Former President Trump’s impeachment trial officially starts Tuesday, but it won’t begin in earnest for another two weeks. This is more than satisfactory for both political parties. President Biden and Senate Democrats need to make more headway on getting Biden’s nominees confirmed and advancing coronavirus relief legislation. Trump is still putting together his legal team and needs all the time he can get to prepare a defense.
Perhaps most critically, it gives Senate Minority Leader Mitch McConnell some extra time to finesse this particularly thorny political problem. His members are looking to offend the least number of voters, choosing between the GOP base that still adores Trump and swing voters who have had enough and remain offended over the attack on the Capitol building.
McConnell likely holds Trump personally responsible for losing the Senate. Republicans were able to get out of Nov. 3 in as good a shape as they had any right to hope for, needing to win just one of the two Georgia seats in the Jan. 5 runoffs to salvage their majority. Before the votes were counted, a lot of people were asking whether Trump’s behavior, at times juvenile and petulant, at other times just bizarre, would cost Republicans one or both seats. My thought before the runoff was that the conduct of the head of the Republican Party was certainly important but that the changing nature of the state of Georgia was such that the GOP could lose one or both seats just based on demographics.
In the end, given how close both races ended up being, it is hard to conclude that Trump’s trashing of the state’s Republican party leadership, complicating the efforts of Sens. David Perdue and Kelly Loeffler to drive through a winning message, didn’t make any difference. Perdue lost to Jon Ossoff by just 1.2 percentage points, about 55,000 votes out of about 4.5 million cast. Loeffler came up 2 percentage points short, losing to Raphael Warnock by just under 95,000 votes. Both Republicans effectively lost ground since the general election two months earlier. Trump’s behavior may have dampened GOP turnout as much as it turbocharged turnout on the other side.
McConnell probably sees this as unforgivable—never mind the specter of Trump intervening in GOP primaries next year, when he could boost the prospects of candidates who would have a far more difficult time winning a general election, or even convince some GOP incumbents to simply pass on running for reelection. Monday morning, news broke that Sen. Rob Portman of Ohio wouldn’t be standing for reelection again in 2022, a surprise to most observers. When I talked with Portman about four months ago, he certainly did not sound like someone contemplating retirement.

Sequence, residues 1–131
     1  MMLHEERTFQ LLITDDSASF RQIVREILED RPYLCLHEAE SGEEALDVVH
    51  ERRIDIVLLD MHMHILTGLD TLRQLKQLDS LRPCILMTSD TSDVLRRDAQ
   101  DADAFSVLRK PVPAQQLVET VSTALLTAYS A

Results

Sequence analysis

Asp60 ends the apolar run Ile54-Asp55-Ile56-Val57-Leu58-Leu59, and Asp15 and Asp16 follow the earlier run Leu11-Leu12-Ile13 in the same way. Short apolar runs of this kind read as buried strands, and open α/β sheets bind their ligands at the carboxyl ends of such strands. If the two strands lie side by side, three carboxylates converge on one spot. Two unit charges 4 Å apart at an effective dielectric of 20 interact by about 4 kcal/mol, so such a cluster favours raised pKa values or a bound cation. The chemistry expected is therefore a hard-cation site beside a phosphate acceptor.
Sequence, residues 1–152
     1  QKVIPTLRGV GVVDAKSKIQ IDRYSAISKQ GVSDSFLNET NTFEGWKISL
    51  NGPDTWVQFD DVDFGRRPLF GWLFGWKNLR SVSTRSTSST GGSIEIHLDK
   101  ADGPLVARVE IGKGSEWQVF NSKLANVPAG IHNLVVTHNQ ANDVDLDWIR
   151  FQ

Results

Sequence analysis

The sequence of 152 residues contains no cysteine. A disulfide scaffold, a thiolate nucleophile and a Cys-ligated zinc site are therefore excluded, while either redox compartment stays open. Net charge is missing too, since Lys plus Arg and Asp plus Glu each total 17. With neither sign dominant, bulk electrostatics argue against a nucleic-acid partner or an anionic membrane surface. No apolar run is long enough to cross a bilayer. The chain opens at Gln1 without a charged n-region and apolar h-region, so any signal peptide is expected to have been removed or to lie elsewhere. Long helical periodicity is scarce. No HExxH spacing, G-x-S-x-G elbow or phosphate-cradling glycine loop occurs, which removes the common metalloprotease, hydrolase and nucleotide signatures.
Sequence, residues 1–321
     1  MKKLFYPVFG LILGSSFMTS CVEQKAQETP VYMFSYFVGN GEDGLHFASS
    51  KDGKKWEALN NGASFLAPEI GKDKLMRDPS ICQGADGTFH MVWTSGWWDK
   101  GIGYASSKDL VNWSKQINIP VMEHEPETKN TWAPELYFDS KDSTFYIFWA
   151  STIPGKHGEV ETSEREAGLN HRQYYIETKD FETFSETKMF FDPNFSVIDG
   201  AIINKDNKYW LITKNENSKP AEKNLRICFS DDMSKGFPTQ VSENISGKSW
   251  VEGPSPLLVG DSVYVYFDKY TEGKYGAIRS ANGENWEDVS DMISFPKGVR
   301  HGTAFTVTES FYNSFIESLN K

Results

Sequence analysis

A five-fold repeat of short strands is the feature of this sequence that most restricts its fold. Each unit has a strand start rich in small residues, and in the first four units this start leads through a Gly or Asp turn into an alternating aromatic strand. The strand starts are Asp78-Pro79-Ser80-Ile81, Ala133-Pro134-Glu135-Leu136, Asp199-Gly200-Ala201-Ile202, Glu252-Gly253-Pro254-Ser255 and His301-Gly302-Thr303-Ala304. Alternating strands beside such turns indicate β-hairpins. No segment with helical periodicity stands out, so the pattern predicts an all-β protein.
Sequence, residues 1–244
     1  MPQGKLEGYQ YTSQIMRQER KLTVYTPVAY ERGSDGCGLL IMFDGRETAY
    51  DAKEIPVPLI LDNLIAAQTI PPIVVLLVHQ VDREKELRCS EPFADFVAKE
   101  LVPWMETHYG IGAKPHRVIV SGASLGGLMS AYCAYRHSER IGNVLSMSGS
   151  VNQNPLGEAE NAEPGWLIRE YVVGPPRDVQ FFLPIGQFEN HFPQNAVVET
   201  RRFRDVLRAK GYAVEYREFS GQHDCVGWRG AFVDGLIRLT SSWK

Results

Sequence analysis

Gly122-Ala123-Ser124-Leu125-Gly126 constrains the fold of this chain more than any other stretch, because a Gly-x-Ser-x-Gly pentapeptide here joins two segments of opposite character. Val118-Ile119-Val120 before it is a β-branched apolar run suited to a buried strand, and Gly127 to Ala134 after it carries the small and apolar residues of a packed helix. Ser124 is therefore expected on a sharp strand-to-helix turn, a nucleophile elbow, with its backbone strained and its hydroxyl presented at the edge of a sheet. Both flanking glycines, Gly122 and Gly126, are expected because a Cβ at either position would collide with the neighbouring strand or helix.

Obviously, a million things will happen between now and the midterm election 651 days from now. Because midterms are almost invariably referenda on the incumbent president, chief among the variables will be how Biden performs—whether he will be an asset or a liability for his party. The former rarely happens and the latter is the norm, but normal is not something that we can count on anymore. Do a Biden administration and his wafer-thin Democratic majorities in the House and Senate talk and act in a way that gives more oxygen to the warnings of socialism in the last campaign, or will that be remembered as just hot air?
Last year’s astronomical voter turnout, the highest of any presidential election since 1900, following on the heels of a midterm election with the best participation rate since 1914, was almost certainly driven by voters’ feelings toward Trump, both pro and con. The people who loved him came out in droves, as did those who loathed him. But will those who adore him come out again in a post-Trump era? (Remember that Barack Obama brought out a large number of infrequent and first-time voters for his 2008 election and 2012 reelection, but many were nowhere to be seen in the 2010 and 2014 midterms, hence the Democratic disasters in both of those elections.)
The flip side of this coin, however, is causing concern among Democrats: Without the motivation to show up and cast a ballot against Trump, will their voters be less inclined to show up?
One thing on the minds of a lot of strategists in both parties is what the residual effect of Trump will be on his party. An impressive amount of unreleased survey research—both quantitative polls and qualitative focus groups—since the Jan. 6 attack on the Capitol suggests that between 25 and 30 percent of Trump voters now have very mixed feelings about having backed him. They are less likely to believe that the election was stolen, and they were alarmed by the attack in Washington. They care more about the coronavirus pandemic and the direction of the economy.
Moreover, the research shows that these voters believe Biden comes across as more focused and more effective in getting COVID-19 under control than Trump was. That’s an issue that might have far more salience with these voters than the “Stop the Steal” rhetoric of the hard-line Republicans in Congress. This slice of the GOP is feeling more hopeful about the direction of the country since the inauguration. No doubt it is this slice of Republicans whom McConnell and some of his colleagues are thinking about right now.
This article was originally published for the National Journal on January 26, 2021.
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